NAILS: How to Determine Skintone and Choose the Best Fall Colors for Your Clients
CND's Craft Culture collection, out fall 2016Photo By CND Photo 3 of 8
Sarah Bland, Smith & Cult nail ambassador, says emerald, like the brand’s new fall hue Darjeeling Darling, evokes hard-edged elegance and is a confident, smart choice for fall.Photo By Smith & Cult Photo 4 of 8
Metallics work on a variety of skin tones. Tired of regular gold and silver? Try gunmetal or a rose gold, such as 1972 from Smith & Cult’s fall collection.Photo By Smith & Cult Photo 5 of 8
You can’t go wrong with oxblood, like this one from SpaRitual.Photo By SpaRitual Photo 6 of 8
OPI Nail Lacquer in CIA Color is Awesome, part of its Fall/Winter collection inspired by Washington D.C.Photo By OPI Photo 7 of 8
Deep, rich jewel tones are trending for fall and winter, like Caviar Bar from Essie’s Gel Couture collection.Photo By Essie Photo 8 of 8
To enhance your fall nails know-how, MODERN tasked nail pros with answering your color-related questions to boost nail business in the salon.
In true fall fashion, jewel tones and vibrant earth tones will reign supreme. Think rich fuchsia, blue-green, emerald, deep plum, denim and oxblood. For winter, sparkle and shine will be trending for the holiday season and afterwards. Regal metallics like rose gold and platinum will play off some of the trends seen at Fashion Week.
“Luminous, shimmering shine will be trending, with hints of sparkle shining through in jewel tones,” says Shelena Robinson, CND education ambassador. “A woman can’t go wrong with peek-through glitter.” Inspiration behind fall and winter collections come from fashion, travel, art, nature and everything in between.
“OPI’s seasonal collections are always destination-based,” says Suzi Weiss-Fischmann, OPI co-founder and brand ambassador. “Drawing inspiration from my travels—food, music, fashion, film, art, architecture and pop culture—helps determine the next geographic location.”
Brands have linked up with creative directors, fashion designers and trend agencies to forecast trends months from when collections launch. Last year, Essie hand-picked fashion designer Rebecca Minkoff as its global color designer. Minkoff curates Essie’s seasonal collections based on her own favorite places, eras and more, bridging the gap between the fashion and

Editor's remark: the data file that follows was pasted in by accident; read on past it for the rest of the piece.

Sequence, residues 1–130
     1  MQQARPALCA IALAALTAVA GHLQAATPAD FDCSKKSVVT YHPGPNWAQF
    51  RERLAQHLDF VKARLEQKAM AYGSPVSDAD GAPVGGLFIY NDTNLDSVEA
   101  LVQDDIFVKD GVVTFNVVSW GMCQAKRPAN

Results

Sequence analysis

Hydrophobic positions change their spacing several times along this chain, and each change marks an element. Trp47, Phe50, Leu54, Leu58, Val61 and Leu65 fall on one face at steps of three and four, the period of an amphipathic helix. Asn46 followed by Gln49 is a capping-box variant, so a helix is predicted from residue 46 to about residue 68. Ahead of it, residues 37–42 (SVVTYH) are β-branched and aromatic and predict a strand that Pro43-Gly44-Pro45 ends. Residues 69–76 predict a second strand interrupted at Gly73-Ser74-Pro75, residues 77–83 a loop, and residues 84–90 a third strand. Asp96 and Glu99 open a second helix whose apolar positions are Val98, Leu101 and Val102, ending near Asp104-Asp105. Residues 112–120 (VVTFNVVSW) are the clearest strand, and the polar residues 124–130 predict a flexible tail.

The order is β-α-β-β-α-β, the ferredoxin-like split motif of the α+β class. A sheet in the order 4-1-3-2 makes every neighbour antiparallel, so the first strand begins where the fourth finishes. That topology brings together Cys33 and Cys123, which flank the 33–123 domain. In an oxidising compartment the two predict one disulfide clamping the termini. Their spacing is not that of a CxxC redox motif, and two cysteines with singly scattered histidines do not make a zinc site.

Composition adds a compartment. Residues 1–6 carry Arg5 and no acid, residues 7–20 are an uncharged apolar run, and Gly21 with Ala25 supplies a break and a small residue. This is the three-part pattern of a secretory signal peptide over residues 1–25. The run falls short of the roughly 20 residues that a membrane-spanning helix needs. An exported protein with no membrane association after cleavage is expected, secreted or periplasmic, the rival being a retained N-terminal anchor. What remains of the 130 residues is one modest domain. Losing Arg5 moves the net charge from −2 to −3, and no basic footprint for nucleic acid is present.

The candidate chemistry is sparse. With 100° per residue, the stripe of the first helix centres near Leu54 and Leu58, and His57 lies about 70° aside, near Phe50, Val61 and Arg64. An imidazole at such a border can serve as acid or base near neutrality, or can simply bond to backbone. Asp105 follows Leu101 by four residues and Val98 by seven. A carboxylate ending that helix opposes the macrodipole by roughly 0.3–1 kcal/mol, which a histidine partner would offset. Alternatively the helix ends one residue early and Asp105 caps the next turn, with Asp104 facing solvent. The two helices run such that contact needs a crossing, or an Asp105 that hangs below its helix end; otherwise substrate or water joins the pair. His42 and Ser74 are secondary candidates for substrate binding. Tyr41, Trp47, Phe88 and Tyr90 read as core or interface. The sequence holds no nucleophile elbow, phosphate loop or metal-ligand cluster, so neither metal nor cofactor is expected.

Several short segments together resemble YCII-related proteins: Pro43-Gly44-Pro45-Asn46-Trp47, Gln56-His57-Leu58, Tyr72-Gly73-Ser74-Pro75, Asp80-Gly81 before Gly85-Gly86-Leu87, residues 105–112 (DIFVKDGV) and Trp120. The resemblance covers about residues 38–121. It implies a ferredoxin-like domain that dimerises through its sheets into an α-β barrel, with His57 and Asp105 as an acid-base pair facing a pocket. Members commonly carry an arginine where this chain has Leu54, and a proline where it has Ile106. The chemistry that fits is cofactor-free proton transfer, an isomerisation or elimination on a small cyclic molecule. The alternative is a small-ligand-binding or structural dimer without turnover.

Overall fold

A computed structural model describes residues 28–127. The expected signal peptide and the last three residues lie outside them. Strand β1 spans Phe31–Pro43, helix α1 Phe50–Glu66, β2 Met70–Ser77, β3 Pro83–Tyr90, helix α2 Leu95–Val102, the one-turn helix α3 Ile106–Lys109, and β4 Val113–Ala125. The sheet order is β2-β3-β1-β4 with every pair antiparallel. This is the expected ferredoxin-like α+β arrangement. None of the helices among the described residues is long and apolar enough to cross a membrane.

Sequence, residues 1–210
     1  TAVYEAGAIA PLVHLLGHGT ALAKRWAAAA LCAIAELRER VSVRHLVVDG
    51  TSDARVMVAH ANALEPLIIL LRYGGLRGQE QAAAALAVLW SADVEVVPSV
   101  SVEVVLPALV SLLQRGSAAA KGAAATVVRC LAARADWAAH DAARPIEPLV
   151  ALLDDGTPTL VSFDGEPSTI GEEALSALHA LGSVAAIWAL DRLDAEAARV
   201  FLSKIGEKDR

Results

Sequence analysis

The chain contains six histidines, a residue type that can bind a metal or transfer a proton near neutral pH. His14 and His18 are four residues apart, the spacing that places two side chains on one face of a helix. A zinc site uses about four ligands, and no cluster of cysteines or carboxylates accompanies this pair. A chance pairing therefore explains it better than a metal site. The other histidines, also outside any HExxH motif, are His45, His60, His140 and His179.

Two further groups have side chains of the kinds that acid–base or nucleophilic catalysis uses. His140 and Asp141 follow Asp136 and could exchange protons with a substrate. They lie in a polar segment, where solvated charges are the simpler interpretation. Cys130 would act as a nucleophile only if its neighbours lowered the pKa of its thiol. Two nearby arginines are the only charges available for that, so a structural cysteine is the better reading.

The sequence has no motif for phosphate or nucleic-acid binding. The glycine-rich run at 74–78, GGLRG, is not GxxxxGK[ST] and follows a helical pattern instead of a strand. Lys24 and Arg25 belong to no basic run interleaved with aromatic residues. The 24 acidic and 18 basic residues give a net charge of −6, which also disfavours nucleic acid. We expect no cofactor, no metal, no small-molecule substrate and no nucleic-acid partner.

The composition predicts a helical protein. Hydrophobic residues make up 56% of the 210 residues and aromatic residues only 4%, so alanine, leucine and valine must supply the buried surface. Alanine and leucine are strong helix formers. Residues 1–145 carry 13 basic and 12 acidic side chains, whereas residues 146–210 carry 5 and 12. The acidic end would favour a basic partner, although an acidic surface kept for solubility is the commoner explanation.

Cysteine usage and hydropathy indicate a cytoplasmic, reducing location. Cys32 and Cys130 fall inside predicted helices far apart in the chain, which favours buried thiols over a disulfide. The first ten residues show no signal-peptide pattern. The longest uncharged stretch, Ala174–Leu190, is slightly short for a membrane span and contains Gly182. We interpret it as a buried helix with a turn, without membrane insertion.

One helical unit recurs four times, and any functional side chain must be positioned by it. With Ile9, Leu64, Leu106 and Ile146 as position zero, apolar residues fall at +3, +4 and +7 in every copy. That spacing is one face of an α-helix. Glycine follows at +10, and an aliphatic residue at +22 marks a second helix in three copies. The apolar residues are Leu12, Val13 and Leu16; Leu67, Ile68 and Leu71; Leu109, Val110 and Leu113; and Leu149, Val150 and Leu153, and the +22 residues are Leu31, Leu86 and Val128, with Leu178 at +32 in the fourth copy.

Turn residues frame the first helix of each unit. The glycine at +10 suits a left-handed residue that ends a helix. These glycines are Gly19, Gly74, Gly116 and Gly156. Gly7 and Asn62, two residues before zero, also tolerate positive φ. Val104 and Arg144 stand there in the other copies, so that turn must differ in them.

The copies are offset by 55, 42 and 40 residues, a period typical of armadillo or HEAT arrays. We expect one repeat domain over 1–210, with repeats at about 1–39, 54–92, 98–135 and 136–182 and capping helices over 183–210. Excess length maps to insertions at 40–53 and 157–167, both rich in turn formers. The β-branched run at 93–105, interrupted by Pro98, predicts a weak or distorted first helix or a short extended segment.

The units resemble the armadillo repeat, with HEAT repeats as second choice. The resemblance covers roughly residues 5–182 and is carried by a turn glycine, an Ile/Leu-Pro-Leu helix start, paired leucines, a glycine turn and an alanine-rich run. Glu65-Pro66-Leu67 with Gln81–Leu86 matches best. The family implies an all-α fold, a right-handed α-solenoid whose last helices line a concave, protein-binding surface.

“There’s just something about fall that always feels hopeful and fresh,” says Sarah Bland, Smith & Cult ambassador. “With Fashion Week setting the stage for inspiration, it’s an ideal time to experiment with trends or add some variation to looks that are tried and true. Each Smith & Cult collection reflects what is relevant in fashion and beauty but also hints at what’s to come.”
Tone on Tone
Consider if skintone is cool or warm when selecting the ideal polish shade for your client. Cool skin has blue, rose or gray undertones. Warm skin has yellow, olive or bronze undertones. Remember, even a client with fair skin could have
“Look at the underside of your client’s wrist,” says Catherine Baek, ORLY director of education. “If you see pink undertones and the veins appear blue, then she has cool skin. If you see yellow or bronze undertones and the veins appear greener than blue, then she has warm skin.”
Another way to determine skintone is through jewelry: if skin looks better in silver, she has cool tones, and if skin looks better in gold, she has warm tones.
“For light skin, think cool tones,” says SpaRitual founder Shel Pink. “My top picks are pink sheers, a classic red with a cool, blue undertone, a deep navy or vivacious fuchsia.”
For medium skin, Pink says to select colors with warm undertones like beige, orangey reds and warm sky blue. Weiss-Fischmann loves jeweltone green shades on olive skin.
On dark skin, Weiss-Fischmann says go for a bright colors like yellow or terracotta, or light shades like a creme pink nude.
“Almost every color looks good on people with darker skin tones,” Pink says. “Bold colors are always a fun choice, as well as a beautiful burgundy red. Deep, rich purples will also look stunning.”
Baek says coral shades ranging from pink coral to orange coral are universally flattering. Arica Carpenter, brand manager for Cuccio, adds white also works for most.
The general consensus among nail pros for making fingers and nails appear longer is to choose light colors,
whites or nudes. To further elongate, try vertical designs that create an illusion of length.
Don’t let nail shape take a backseat—oval, squoval, round or almond-shaped nails help give the appearance of lengthy fingers and nails.
Gino Trunzo, Essie director of education, warns to avoid dark colors on clients who have smaller nail beds, as they can give the illusion of shorter nails and stubby fingers (asa benefit to those with larger hands, however, darks can be used to minimize the appearance).
As with all color theory, remember that dark colors recede and minimize where light colors enlarge.
“You can create an illusion by applying the dark shade all over the nail and apply a lighter shade only in the center,” Baek says.
You Do You
When it comes to color, Pink says, surrender to it. With so many advancements in formulas and finishes, there is no excuse not to experiment. Follow these guidelines as a general rule of thumb but, at the end of the day, your client should chose whatever color makes her happy.
“Personally, I feel that when it comes to nail color, nothing is taboo,” Weiss-Fischmann says. “Clients should choose the shade they love best!”